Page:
Neurotrophins (neurotrophic factors) are proteins which induce the survival of neurons and are found in the blood stream. Neurotrophins are capable of signaling particular cells to survive, differentiate, or grow. Neurotrophins are secreted by target tissues and prevent neurons from initiating programmed cell death – thus enabling the neurons to survive. Neurotrophins induce differentiation of progenitor cells to form neurons.
The vast majority of neurons in the mammalian brain are formed prenatally; parts of the adult brain retain the ability to grow new neurons from neural stem cells, a process known as neurogenesis. Neurotrophins are chemicals that help to stimulate and control neurogenesis.
During nerve development, neurotrophins help nerve cells decide if they are going to live or die. Neurotrophins are small proteins secreted in the nervous system at extremely low concentrations. Low levels of a neurotrophin are needed to keep nerve cells alive. However, in some cases, presence of a neurotrophin can have the opposite effect, initiating cell-death. During development of the nervous system, levels of neurotrophins control unwanted nerve cells. Later, neurotrophins stimulate the growth of new dendrites and to cause unwanted dendrites to die back from crowded areas.
Receptors and Functions of Neurotrophin
There are two distinct classes of glycosylated receptors that can bind to neurotrophins. These two proteins are p75 (NTR), which binds to all neurotrophins, and subtypes of Trk, which are only specific for each different neurotrophins. The signaling pathways activated by neurotrophins through Trk receptors result in many neuronal functions, such as cell survival, differentiation, dendritic arborization, synapse formation, plasticity, axonal growth, and axonal guidance. Functions ascribed to the p75NTR receptor are diverse, complex, and sometimes contradictory. p75NTR has been implicated in both promoting survival and inducing apoptosis, enhancing neurite outgrowth and facilitating growth-cone collapse, and mediating differentiation and enhancing proliferation. Moreover, p75NTR may also play a role in myelination.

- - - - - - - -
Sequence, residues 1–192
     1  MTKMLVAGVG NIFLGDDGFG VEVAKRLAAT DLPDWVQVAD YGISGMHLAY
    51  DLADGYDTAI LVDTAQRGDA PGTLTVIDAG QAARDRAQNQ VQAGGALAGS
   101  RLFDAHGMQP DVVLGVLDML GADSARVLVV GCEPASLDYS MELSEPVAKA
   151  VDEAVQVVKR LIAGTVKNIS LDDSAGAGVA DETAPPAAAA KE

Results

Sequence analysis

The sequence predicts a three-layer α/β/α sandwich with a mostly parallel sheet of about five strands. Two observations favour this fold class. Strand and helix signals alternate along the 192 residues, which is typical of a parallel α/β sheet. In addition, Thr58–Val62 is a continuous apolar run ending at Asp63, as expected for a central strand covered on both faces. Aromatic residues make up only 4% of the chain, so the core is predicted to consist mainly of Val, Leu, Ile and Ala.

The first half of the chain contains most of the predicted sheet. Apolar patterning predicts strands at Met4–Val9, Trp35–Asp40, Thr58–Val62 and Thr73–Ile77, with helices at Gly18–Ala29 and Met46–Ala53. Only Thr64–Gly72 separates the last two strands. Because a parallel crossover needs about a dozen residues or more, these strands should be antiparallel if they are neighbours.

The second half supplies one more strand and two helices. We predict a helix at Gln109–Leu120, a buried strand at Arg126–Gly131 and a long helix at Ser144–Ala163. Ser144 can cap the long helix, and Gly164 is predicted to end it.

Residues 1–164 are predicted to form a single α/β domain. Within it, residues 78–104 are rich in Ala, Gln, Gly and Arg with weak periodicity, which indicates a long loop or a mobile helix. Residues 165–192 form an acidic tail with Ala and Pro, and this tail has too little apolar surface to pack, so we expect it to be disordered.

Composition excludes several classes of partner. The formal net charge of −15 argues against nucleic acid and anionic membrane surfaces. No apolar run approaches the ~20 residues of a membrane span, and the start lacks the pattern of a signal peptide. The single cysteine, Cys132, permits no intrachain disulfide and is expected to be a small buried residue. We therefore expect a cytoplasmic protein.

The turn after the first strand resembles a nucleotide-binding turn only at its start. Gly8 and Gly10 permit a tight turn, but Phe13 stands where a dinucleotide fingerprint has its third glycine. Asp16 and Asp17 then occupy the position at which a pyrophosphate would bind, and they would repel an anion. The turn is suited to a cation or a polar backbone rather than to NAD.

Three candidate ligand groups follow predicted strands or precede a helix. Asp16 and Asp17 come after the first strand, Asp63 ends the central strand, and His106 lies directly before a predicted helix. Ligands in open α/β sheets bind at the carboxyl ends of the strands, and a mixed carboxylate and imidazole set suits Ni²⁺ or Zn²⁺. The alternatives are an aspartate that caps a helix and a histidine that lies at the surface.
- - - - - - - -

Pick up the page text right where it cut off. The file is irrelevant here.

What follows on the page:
Neurotrophins are proteins with closely related structures that are known to support the survival of different classes of embryonic neurons. Neurotrophins is a generic term that describes a number of neurotrophic factors enhancing neuronal differentiation, inducing proliferation, influencing synaptic functions, and promoting the survival of neurons that are normally destined to die during different phases of the development of the central and peripheral nervous system.
In the peripheral and central neurons, neurotrophins are important regulators for survival, differentiation, and maintenance of nerve cells. They are small proteins that secrete into the nervous system to help keep nerve cells alive. There are two distinct classes of glycosylated receptors that can bind to neurotrophins. These two proteins are p75 (NTR), which binds to all neurotrophins, and subtypes of Trk, which are each specific for different neurotrophins.
Neurotrophins are of potential clinical interest since they influence the functional activities and survival of distinct neuronal populations within the peripheral and central nervous system. Neurotrophins are currently under investigation as therapeutic agents for the treatment of neurodegenerative disorders and nerve injury either individually or in combination with other trophic factors.
A number of diseases, such as Alzheimer’s disease, stroke, and cancer, may cause neural damage in part through the misfunction of neurotrophins. Current therapeutic strategies are to fight these diseases using neurotrophic factors to help and control any loss of nerve function. Unfortunately, neurotrophins do not last very long in the body when injected to the body and show significant side effects.